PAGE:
January 12, 2015

The Oldest Human Skeleton Ever Unearthed in South America

An 11,230-12,401 year old adult male skeleton has been unearthed at Los Vilos in Chile. This is probably the oldest human skeleton ever unearthed in South America. This individual’s diet consisted of seafood, mainly fish and sea lions. He had serious gum infections and small wounds, and died at the relatively early age of 45. He suffered a common ear infection of seafarers. The place where he was found adds to the proof that the earliest Americans came by way of the sea. The archaeologists at the site have collected thousands of human bones. Bones of five other individuals within walking distance of each other have been found. The 11,230-12,401 year old skeleton was found in a mound, buried in a fetal position. And surprisingly, the five other individuals were buried in a different millennium, a thousand years later, in the same place. Donald Jackson, the lead archaeologist, submitted the bones for radio-carbon dating to three different labs in the US. He decided to publish the most conservative date of the three labs at 11,230 years.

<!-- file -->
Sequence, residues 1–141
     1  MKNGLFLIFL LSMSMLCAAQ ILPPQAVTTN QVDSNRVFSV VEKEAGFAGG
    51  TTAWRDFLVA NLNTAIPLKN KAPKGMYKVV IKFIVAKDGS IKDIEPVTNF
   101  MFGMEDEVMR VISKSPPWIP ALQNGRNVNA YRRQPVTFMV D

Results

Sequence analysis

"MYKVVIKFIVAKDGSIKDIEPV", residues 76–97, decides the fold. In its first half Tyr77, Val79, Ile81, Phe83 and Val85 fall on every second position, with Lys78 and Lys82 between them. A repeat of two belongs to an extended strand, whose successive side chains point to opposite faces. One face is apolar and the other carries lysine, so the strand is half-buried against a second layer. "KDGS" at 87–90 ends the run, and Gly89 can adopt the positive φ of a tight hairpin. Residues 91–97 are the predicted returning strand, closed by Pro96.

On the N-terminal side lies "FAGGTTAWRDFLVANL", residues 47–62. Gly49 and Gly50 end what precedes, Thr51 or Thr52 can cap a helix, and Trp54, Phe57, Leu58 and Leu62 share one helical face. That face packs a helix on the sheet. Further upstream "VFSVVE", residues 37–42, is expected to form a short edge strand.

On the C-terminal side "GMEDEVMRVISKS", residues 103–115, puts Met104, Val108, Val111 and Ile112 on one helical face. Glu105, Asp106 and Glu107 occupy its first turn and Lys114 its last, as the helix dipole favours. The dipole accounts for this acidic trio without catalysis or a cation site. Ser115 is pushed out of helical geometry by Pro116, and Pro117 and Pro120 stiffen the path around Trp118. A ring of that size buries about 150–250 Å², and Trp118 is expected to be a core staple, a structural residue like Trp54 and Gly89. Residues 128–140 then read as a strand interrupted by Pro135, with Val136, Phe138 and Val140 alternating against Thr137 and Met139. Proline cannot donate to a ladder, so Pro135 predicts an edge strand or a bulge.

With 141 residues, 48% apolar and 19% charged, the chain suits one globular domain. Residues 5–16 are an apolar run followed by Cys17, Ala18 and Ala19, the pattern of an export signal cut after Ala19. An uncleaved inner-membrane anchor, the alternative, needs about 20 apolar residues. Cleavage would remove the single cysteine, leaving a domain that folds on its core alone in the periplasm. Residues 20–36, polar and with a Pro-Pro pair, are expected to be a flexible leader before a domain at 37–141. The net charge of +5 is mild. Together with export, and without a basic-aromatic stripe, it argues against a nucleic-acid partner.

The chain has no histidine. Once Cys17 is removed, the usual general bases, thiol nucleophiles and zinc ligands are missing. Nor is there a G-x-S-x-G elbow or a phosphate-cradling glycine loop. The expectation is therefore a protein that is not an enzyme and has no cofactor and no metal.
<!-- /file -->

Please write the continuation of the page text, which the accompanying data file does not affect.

(My Note; A little further down the Chilean coast, at Monte Verde, is the site of the first definite Pre-Clovis settlement. Much further north, at Paisley Cave, in Oregon, is the second positively dated Pre-Clovis site. By that, I mean human made tools dated at Pre-Clovis times, fibers, housing posts, human footprints, fishing implements, human coprolites, seaweed chewed on by humans, all dated at Pre-Clovis time periods, peer tested stratigraphy dating. Add to that the very old human remains found on the Channel Islands off the coast of California, and the evidence for a Pre-Clovis entry into the New World along the Pacific Coast by way of canoe traffic is now proven. The only way for humans to have reached coastal Oregon and coastal Chile in Pre-Clovis times was by way of canoe from Asia, hugging the coast from Siberia to the American Pacific Coast).

Que Pasa has the story (in Spanish) here;
http://www.quepasa.cl/articulo/ciencia/2015/01/3-16012-9-el-primero-de-nosotros.shtml

And Donald Johnson’s research on the site and the ancient individual is posted at Academia.edu as a re-print of his post in a peer reviewed journal here;
http://www.academia.edu/2040983/Human_remains_directly_dated_to_the_Pleistocene-Holocene_transition_support_a_maritime_diet_among_the_first_settlers_of_the_Pacific_coast_of_South_America

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